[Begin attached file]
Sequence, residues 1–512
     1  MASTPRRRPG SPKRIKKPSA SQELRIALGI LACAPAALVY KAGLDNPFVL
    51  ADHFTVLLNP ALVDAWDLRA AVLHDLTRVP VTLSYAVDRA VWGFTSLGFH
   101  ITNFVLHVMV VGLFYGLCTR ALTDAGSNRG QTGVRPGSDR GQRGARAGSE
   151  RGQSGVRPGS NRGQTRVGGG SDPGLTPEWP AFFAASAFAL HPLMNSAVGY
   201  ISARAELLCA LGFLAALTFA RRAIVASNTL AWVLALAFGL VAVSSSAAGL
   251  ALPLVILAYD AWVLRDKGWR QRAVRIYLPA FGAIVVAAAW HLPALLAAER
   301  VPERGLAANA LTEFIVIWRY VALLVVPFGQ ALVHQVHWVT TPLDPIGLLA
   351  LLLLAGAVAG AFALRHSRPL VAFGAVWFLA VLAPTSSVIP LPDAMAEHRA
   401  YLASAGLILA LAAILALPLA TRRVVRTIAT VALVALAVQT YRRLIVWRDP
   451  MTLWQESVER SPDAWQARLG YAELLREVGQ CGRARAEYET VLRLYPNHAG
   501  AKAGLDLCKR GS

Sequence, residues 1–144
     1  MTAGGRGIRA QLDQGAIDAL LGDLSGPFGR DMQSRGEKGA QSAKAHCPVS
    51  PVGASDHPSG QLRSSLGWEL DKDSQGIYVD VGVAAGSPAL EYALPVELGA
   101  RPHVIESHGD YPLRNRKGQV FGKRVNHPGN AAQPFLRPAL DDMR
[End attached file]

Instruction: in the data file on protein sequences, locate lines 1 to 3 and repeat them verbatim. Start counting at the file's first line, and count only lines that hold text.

Sequence, residues 1–512
     1  MASTPRRRPG SPKRIKKPSA SQELRIALGI LACAPAALVY KAGLDNPFVL
    51  ADHFTVLLNP ALVDAWDLRA AVLHDLTRVP VTLSYAVDRA VWGFTSLGFH